Trends in knee arthroscopy utilization: a gap in knowledge translation



To evaluate the longitudinal trends in knee arthroscopy utilization in relation to published negative randomized controlled trials, focusing on annual rates, patient demographics and associated 30-day post-operative complications.


The American College of Surgeons National Surgical Quality Improvement Program database was queried using Current Procedural Terminology billing codes to identify arthroscopy cases between 2006 and 2016. 30-day post-operative complications were identified, and potential risk factors analysed using univariate and multivariate analyses.


68,346 patients underwent knee arthroscopy, of which 47,446 (69.5%) represented partial meniscectomies. The annual procedural rate, as a proportion of all reported cases, increased significantly from 2006 (0.3%) to 2016 (1.6%; p < 0.001), along with a significant increase in average patient age (44.3 ± 15.5 to 48.4 ± 14.5; p < 0.001). Specifically focusing on the meniscectomy cohort, average patient age significantly increased from 47.9 ± 15.1 to 50.7 ± 13.5 (p = 0.001). The overall incidence of complications was 2.0% (n = 1333), with major complications in 0.9% (n = 639) and minor complications in 1.0% (n = 701). Common complications included a return to the operating room (0.5%), deep vein thrombosis/thrombophlebitis (0.4%), and superficial infection (0.2%). Operating time > 90 min, diabetes, steroid use, ASA class 2+, and dialysis-dependency were the predictors of overall complication rates.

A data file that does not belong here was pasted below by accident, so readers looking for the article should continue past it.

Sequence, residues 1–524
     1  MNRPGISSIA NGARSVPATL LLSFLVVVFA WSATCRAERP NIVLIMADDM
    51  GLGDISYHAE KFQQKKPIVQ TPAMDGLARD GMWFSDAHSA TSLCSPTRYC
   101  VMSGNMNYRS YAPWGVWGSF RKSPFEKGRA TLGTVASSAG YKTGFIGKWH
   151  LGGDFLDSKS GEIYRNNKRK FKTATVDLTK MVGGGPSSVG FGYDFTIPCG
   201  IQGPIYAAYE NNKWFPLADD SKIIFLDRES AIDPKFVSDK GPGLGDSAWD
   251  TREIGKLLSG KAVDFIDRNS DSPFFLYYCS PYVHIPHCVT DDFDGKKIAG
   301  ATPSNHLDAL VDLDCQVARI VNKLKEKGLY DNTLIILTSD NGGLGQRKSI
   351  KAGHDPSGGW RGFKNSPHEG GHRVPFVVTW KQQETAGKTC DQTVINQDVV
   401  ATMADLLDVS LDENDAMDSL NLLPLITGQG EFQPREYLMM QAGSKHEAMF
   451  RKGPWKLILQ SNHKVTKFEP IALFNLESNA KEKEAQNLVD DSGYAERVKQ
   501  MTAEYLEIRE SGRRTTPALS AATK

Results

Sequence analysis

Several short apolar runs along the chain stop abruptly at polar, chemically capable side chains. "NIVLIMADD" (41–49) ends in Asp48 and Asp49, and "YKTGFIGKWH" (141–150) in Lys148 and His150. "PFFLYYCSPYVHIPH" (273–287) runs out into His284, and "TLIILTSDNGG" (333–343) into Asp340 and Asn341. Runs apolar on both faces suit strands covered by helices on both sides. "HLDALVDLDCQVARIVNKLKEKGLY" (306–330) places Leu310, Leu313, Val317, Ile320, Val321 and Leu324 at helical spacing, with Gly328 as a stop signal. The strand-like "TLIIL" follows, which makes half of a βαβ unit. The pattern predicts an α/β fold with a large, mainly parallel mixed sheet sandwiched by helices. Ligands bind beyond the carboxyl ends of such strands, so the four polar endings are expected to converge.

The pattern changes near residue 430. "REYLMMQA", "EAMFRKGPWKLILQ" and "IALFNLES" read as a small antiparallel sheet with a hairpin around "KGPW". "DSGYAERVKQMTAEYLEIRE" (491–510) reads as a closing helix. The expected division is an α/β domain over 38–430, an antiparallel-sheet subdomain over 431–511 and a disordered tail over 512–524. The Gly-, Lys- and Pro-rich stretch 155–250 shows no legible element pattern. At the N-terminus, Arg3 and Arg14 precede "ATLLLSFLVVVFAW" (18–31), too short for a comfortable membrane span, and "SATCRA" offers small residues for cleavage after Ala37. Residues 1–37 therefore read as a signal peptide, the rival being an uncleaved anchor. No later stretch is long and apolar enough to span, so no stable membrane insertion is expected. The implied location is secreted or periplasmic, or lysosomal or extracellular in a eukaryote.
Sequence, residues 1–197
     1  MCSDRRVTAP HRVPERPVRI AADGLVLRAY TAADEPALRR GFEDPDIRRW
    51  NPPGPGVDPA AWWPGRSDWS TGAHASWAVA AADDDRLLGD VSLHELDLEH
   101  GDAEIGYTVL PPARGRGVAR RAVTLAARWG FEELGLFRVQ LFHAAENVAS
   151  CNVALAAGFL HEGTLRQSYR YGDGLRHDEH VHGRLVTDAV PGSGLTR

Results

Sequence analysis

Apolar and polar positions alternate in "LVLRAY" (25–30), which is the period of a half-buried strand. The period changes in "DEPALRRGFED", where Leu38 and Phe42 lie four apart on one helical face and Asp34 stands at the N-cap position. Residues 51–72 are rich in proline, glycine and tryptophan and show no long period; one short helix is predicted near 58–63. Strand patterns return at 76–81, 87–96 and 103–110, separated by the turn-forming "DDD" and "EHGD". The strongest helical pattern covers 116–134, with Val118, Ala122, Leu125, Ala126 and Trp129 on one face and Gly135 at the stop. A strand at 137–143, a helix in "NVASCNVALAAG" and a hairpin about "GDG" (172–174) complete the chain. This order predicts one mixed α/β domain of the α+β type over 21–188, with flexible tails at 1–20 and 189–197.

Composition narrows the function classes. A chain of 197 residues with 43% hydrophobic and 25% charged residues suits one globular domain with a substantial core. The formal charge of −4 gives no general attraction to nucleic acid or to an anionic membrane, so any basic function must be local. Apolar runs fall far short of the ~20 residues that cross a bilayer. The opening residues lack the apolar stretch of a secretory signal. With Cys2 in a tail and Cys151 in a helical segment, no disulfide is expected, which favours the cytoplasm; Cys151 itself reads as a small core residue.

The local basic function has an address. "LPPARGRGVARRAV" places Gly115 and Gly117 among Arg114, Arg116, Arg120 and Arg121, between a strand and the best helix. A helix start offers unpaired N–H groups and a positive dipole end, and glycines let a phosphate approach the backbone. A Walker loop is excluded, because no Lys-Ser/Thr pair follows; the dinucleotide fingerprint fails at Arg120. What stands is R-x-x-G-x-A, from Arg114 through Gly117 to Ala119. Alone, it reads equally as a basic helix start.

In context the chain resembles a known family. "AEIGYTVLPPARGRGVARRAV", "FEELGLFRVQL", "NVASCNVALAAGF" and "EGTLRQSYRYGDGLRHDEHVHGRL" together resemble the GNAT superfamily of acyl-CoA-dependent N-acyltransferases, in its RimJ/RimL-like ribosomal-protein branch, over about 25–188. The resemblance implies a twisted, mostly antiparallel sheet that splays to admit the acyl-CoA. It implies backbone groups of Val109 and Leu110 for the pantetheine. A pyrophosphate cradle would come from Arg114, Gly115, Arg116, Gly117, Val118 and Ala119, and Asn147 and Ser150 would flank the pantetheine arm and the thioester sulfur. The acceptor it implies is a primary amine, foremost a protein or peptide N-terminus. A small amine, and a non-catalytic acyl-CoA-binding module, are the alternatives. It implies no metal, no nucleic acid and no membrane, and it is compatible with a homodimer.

Despite the publication of negative trials and new clinical practice guidelines, knee arthroscopy utilization and average patient age continue to increase. Given the high utilization, even low adverse event rates equate to substantial numbers of patients with minor and major complications. The NSQIP data show a gap in knowledge translation to clinical practice and highlight the need for improved clinical guidelines.

Level of evidence

Cohort study; Level III.

This is a preview of subscription content, access via your institution.

Fig. 1
Fig. 2


  1. 1.

    Abram SGF, Judge A, Beard DJ, Price AJ (2018) Adverse outcomes after arthroscopic partial meniscectomy: a study of 700,000 procedures in the national hospital episode statistics database for England. Lancet 392(10160):2194–2202.

    Article  PubMed  PubMed Central  Google Scholar 

  2. 2.

    Amin NH, Hussain W, Ryan J, Morrison S, Miniaci A, Jones MH (2017) Changes within clinical practice after a randomized controlled trial of knee arthroscopy for osteoarthritis. Orthop J Sport Med 5:1–6

    Article  Google Scholar 

  3. 3.

    Basques BA, Gardner EC, Varthi AG, Fu MC, Bohl DD, Golinvaux NS, Grauer JN (2015) Risk factors for short-term adverse events and readmission after arthroscopic meniscectomy: does age matter? Am J Sports Med 43:169–175